Life was good for Matt and Chloe. They were in love and looking forward to their new baby. But what Chloe gave birth to isn’t a baby. It isn’t even human. It’s an entirely new species that uses humans only for food—and as hosts for their young. As Matt soon learns, though, he is not alone in his terror. Women all over town have begun to give birth to these hideous creatures, spidery nightmares that live to kill—and feed. As the infestation spreads and the countryside is reduced to a series of web-shrouded ghost towns, will the survivors find a way to fight back? Or is it only a matter of time before all of mankind is reduced to a Breeding Ground.
Post apocalyptic narrative has seen a real resurgence of late. Zombies, plague, aliens, nuclear winter, etc. It's hard to put one's finger on what makes stories of 'starting over in a new paradigm' so attractive, but they are. Pinborough's premise is a delightfully creepy one - women giving birth to something utterly horrific. The story plays with themes of motherhood, the way male partners of pregnant women feel a sort of alienation, misogyny, etc. but only on a very superficial level.
The ubiquitous 'band of brother' travelers seeking sanctuary from the dangers of the post-apocalyptic world are a pretty unremarkable lot in Pinborough's book. There is, as usual, the experienced older man, the fatally injured person who makes the seeking of sanctuary vital, the innocent child, and, of course, the traitorous bastard who will put everyone else's life at risk just...er... because. The best post-apocalyptic stories are really about stripping the world bare of civilities in order to examine human motivation at its rawest and most desperate. Who will emerge as heroic, who will reveal themselves to have hidden wisdom, who will be the coward. Unfortunately, one major flaw in Breeding Ground was that the hero is spectacularly unheroic. He's stunningly stupid, he's a physical coward and his hormones don't seem to obey any of the normal laws of nature. I understand the need for a love story, but his reasons for the women he chooses seem to be staggeringly opportunistic. The archetypal coward was all too predictable and identifiable from the moment we meet him. We hate him from the beginning. We're never offered any depth of insight into why he's the way he is. He's just the stock coward.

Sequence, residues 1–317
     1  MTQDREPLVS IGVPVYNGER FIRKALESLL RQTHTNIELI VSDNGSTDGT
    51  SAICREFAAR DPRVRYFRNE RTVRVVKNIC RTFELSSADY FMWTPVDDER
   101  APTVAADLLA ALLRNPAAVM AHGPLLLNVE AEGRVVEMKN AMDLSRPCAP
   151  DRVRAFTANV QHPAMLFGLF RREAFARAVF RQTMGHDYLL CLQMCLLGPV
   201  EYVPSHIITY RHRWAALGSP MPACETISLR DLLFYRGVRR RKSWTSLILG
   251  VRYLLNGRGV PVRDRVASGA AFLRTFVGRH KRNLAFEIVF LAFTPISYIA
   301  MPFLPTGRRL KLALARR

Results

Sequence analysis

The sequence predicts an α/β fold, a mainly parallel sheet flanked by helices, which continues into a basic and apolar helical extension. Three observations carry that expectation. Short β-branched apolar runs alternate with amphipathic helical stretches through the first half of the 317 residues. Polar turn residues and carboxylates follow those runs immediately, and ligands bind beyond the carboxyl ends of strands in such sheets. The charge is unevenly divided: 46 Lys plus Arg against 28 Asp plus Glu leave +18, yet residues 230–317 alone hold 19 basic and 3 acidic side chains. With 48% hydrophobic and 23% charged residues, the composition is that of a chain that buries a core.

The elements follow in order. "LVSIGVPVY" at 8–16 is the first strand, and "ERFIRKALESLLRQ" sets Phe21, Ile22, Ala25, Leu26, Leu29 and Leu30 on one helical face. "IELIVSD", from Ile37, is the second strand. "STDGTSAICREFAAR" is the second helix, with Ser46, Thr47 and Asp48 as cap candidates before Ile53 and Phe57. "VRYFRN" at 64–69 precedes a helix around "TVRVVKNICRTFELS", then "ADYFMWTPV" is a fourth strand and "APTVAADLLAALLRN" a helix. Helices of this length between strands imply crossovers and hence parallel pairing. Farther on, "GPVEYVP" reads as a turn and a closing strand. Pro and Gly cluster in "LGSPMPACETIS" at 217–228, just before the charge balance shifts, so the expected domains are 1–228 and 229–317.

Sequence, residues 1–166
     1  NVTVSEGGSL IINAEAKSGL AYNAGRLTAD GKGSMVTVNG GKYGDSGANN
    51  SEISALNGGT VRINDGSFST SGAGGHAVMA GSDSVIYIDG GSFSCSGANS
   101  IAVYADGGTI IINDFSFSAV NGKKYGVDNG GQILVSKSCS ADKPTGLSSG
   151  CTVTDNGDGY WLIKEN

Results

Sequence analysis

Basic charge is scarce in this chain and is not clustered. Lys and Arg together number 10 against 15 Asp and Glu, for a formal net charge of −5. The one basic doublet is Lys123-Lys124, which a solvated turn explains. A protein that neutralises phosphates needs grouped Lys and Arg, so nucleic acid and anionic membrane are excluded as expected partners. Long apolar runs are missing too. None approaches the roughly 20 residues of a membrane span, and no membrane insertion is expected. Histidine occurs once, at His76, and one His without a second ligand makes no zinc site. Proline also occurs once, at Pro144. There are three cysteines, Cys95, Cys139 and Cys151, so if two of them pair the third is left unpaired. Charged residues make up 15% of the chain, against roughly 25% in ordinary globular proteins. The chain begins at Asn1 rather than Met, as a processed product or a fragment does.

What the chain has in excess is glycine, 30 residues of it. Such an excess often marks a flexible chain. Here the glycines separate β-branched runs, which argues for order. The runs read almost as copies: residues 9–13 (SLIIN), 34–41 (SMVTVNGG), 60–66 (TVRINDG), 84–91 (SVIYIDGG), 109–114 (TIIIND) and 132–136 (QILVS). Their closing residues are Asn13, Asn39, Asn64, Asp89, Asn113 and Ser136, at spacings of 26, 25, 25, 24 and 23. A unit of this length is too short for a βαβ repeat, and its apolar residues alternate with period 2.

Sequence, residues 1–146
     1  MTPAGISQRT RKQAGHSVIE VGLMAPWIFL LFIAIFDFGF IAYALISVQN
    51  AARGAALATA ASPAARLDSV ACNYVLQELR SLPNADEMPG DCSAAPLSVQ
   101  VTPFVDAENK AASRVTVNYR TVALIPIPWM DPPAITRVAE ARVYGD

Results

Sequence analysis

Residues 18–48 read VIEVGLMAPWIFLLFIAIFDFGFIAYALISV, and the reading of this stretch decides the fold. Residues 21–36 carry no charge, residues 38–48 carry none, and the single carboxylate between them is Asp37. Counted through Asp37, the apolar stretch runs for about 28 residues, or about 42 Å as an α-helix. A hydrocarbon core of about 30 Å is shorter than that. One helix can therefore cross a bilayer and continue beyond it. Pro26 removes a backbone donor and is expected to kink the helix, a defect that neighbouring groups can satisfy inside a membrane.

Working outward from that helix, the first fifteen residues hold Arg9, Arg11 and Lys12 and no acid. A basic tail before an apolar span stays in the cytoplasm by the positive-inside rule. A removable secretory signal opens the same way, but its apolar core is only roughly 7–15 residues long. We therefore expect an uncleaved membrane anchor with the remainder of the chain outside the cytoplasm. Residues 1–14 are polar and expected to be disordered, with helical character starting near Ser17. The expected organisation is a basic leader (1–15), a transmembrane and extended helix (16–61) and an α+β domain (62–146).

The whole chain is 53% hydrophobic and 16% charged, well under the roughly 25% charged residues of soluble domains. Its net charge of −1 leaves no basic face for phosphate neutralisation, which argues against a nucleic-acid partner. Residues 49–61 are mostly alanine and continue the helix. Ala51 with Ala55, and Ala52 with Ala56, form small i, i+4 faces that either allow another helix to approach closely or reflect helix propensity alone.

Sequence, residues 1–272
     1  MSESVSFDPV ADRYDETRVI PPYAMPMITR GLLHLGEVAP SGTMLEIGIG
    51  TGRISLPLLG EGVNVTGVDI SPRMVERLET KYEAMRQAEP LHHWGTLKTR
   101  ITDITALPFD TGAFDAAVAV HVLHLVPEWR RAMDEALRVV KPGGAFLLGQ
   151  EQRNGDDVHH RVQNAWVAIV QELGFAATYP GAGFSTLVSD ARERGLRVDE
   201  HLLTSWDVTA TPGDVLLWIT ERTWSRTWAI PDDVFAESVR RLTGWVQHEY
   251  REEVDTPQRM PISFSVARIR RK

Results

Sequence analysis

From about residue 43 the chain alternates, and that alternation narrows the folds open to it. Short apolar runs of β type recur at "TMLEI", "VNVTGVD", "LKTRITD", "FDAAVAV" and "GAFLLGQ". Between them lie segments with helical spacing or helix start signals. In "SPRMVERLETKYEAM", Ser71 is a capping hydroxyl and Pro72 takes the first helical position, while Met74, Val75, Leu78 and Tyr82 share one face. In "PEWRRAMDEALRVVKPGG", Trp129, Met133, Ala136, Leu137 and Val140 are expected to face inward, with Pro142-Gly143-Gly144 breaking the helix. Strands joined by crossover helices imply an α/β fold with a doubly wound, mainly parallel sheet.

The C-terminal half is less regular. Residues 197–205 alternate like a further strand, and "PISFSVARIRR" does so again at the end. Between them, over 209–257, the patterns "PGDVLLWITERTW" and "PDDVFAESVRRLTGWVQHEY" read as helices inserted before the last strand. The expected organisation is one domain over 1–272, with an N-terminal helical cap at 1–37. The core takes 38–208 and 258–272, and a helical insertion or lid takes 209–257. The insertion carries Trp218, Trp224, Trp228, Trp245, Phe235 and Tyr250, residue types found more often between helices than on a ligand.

Despite the compelling premise, Pinborough really doesn't do more than surf on it and follow through the post-apocalyptic survival experience in an unoriginal way. The only exception to this, for which she does deserve praise, is the story's very ambiguous and un-Hollywoodish ending.
But the greatest let down to the story on audio is the narration. It's not that Lyssa Graham is a bad narrator, but she was a terrible choice for this novel. The story is set in England and she's got a very strong American accent and a propensity to mispronounce things like Edinburgh (as ed-in-burg). The other problem is that the story in written through the first person POV of a male protagonist. If there was more than one POV in the novel, it would have probably been less noticeable, but in this case there is only one, written in first person, and it's a man.